“The children of God and the children of the devil are revealed in this way: all who do not do what is right are not from God, nor are those who do not love their brothers and sisters.”

As individuals and as a parish, we are frequently revealed as children of God. Charlie’s Place is an incredible ministry, supported in large part by parishioners’ donations of time and money. We support the Transitional Housing Corporation, which offers an escape from the downward spiral that is homelessness, unemployment, and addiction.

Many of us remember the Fannie Mae Walk for the Homeless last November. On that frigid morning, we stood in solidarity with our brothers and sisters and raised millions of dollars to help meet their needs. We were revealed as children of God on the National Mall that morning.

Each of these acts of mercy is important, righteous, and godly. We should seek to do more. Yet, charity can only address the effects of homelessness on individuals. The sinister root of this problem is the reality that our society is willing to let some people’s basic needs go unmet. Charity puts buckets around the living room, but it doesn’t patch the leaky roof. As a society, we hold the unacceptable expectation that some people will be homeless. In this way, we fail both of First John’s tests.

“All who do not do what is right are not from God, nor are those who do not love their brothers and sisters.”

People are people, and we sin if we allow ourselves to look past them or their needs.
I was not revealed as a child of God when I ignored my brother and sister on the street for fear that my commute would grow to 48 or even 49 minutes. No children of God were revealed in the twenty minutes that Jose Sanchez lay unhelped on the street.
We should be disquieted by the words of First John, and our homeless brothers and sisters should be encouraged by them. From across the centuries, First John speaks to them and First John speaks to us.

“All who do not do what is right are not from God, nor are those who do not love their brothers and sisters.”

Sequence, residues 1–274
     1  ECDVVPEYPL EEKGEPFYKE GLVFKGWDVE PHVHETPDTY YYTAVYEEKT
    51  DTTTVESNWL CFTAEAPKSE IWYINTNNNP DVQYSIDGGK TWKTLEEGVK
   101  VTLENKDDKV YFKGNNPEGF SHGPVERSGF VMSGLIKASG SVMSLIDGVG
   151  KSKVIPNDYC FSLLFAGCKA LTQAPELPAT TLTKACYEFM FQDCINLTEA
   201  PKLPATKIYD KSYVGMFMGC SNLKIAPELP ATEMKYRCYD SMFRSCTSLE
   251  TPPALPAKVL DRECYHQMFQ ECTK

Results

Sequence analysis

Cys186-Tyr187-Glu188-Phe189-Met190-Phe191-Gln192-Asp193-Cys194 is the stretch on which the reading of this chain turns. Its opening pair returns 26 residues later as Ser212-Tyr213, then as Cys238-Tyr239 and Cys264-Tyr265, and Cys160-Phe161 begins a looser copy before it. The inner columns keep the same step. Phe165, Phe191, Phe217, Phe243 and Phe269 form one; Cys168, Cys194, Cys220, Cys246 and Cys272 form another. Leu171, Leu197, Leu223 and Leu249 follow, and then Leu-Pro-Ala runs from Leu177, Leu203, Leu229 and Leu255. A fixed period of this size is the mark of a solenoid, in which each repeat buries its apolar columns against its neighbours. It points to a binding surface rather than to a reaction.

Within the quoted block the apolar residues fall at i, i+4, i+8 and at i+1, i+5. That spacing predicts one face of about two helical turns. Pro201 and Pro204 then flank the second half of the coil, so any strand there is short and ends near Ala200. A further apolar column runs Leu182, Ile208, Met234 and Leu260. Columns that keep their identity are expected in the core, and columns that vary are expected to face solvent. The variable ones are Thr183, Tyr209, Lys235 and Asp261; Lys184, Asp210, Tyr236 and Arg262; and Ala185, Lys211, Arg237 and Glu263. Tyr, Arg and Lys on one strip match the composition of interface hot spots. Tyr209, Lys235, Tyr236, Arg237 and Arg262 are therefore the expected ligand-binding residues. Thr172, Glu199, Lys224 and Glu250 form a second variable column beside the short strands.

Our status as children of God is assured in our baptism. Our place in heaven is guaranteed through Christ’s death and resurrection. However, in this world, we must choose whether we will be revealed as the children of God that we are, or as the children of the devil that we are not.

If we want to be revealed as children of God, we must do something to end homelessness in our city, and in our time. One leading advocacy group says that it would only take a decade to end homelessness, and that our role as individuals would not be all that complex: Part I is advocating for better data collection and human services. Part II is helping people make healthy transitions when they leave hospitals, prisons, and the military. Part III is volunteering with and donating to
agencies that provide housing options, mentorship, skills training, and direct services to people who are homeless.3 The choice is ours. We can continue closing our eyes to the suffering in our midst, or we can do something about it.

In the Declaration of Independence, Thomas Jefferson wrote that governments derive their just powers from the consent of the governed. By our silence and inaction, we consent to the presence of homelessness in our capital city. It is time to withdraw that consent.

We withdraw our consent from the marginalization of thousands. We withdraw our consent from the belief that some Americans are not entitled to warmth or food. We withdraw our consent from the myth that the most powerful government in the history of the world is unable find a bed or a meal for all of its citizens.

In this season of resurrection and new life, it is time for us to be revealed as children of God. It is time for us to end our silence on matters of oppression. It is time for us to withdraw our consent.

Amen.

1 I John 3:7-10 (NRSV)
2 David Betancourt. “Attack Victim, Ignored By Passersby, Has Died.” The Washington Post. 1 February 2009, Pg. C04
3 More information is available from the National Alliance to End Homelessness (www.endhomelessness.org). The role
of individuals described above is based largely on the NAEH’s Explainer of September 2007, “What is a Ten-Year Plan
to End Homelessness?” This document is available electronically on their website.